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## Heap Sort

### Heap

The (binary) heap data structure is an array object that we can view as a nearly complete binary tree.

although A[1 .. A: length] may contain numbers, only the elements in A[1..A:heap-size], where 0 <= A:heap-size <= A:length, are valid elements of the heap.

 PARENT(i)1 return [i/2]LEFT(i)1 return 2*iRIGHT(i)1 return 2*i + 1 max-heap: A[PARENT(i)]  >= A[i]

height is Θ(lg n)

```MAX-HEAPIFY(A,i)     //heapify a specific node (move it down tree if necessary)
1 l = LEFT(i)
2 r = RIGHT(i)
3 if l <= heap-size[A] and A[l] > A[i]
4    then largest = l
5    else largest = i
6 if r <= heap-size[A] and A[r] > A[largest]
7    then largest = r
8 if largest != i
9    then exchange A[i] <-> A[largest]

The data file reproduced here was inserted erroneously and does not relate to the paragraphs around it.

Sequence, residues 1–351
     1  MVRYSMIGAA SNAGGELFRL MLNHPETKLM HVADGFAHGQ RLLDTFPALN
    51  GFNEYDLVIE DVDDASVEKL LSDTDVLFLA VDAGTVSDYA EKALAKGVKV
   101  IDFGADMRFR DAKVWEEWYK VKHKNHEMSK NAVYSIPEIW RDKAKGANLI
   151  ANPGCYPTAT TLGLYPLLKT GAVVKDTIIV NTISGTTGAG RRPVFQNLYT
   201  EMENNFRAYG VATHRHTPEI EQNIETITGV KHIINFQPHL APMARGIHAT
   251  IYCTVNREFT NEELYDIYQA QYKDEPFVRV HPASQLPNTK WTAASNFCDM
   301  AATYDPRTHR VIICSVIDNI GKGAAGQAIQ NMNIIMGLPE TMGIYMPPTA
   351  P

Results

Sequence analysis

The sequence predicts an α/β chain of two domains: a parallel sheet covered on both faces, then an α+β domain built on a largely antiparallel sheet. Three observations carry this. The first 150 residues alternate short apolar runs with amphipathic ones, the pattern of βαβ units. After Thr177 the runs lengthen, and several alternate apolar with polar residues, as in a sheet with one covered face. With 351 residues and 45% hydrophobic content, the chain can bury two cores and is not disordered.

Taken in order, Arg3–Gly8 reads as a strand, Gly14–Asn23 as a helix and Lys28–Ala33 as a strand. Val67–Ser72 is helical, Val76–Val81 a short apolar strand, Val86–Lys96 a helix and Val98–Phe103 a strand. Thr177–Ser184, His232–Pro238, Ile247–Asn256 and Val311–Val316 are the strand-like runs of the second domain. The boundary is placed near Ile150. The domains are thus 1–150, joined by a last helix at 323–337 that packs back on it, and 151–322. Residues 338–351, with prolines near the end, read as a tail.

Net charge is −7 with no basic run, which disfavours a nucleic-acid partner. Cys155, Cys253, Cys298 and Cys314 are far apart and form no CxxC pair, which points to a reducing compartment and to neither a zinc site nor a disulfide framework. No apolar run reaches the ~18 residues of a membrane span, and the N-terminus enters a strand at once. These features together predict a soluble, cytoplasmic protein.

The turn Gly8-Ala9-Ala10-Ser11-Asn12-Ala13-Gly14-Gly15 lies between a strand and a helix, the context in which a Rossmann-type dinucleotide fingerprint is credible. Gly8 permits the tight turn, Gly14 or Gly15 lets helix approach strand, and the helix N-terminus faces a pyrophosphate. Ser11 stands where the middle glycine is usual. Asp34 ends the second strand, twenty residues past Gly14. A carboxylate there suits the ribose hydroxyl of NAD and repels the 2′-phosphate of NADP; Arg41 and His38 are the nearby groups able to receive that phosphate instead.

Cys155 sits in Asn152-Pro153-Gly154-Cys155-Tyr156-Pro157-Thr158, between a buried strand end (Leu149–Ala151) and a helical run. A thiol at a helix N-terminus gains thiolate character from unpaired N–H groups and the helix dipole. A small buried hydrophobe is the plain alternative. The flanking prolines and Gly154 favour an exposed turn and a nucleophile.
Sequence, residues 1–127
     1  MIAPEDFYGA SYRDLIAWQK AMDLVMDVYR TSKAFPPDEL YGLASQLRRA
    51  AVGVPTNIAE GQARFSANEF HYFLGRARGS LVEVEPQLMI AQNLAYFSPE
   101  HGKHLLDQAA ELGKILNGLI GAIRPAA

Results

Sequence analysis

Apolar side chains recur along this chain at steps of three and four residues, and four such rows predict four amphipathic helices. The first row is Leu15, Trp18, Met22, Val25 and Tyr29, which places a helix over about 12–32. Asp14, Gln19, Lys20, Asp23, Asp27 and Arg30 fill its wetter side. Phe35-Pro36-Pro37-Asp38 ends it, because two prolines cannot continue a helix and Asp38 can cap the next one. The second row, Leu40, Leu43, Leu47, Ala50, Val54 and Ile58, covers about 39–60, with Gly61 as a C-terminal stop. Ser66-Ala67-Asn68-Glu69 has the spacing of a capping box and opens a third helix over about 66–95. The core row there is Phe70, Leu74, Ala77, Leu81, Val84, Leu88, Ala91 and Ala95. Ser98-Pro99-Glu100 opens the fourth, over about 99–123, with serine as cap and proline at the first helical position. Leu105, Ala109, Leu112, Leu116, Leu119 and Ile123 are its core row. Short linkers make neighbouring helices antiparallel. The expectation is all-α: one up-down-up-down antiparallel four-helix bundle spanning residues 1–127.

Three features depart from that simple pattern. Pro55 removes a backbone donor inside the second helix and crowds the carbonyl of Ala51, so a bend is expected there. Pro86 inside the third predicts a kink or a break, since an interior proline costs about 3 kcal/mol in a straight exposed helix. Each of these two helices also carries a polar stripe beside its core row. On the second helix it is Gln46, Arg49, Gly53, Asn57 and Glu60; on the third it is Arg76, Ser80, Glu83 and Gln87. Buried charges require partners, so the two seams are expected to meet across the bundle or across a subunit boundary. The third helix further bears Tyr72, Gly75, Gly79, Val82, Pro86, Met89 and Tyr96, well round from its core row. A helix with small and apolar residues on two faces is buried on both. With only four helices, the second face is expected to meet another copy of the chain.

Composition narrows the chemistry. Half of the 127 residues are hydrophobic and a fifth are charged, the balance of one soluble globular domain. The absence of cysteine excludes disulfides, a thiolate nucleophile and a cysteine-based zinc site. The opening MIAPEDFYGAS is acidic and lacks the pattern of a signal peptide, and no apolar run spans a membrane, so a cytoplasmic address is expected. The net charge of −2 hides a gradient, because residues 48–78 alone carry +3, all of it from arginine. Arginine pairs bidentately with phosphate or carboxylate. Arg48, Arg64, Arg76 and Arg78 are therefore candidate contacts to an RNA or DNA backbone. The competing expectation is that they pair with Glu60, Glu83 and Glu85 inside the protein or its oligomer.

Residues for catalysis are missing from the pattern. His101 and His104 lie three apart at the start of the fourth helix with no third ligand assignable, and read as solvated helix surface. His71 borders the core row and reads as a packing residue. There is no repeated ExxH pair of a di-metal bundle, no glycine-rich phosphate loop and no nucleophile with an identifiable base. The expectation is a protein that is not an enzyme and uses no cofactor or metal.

10         MAX-HEAPIFY(A,largest)```
The size of a subtree is at most 2n/3, which occurs when the last row is exactly half full. So the worst case running time T(n) satisfies the recurrence:   T(n) <= T(2n/3) + Θ(1)     Which by case 2 of the "Master Theorem" has the solution: T(n) = O(lg n).
because a = 1 then nlogba becomes O(1), therefore ti is equal to f(n), hence  O(1* lg n)

```BUILD-MAX-HEAP(A)
1 A.heap-size = A.length
2 for i = floor(A.length/2) downto 1    //the entries in A[floor(n/2)+1..n] are all leaves
3     MAX-HEAPIFY(A,i)
```

Heap-Sort:   Build maxheap O(lg n) + traverse (n lg n) => O(n lg n)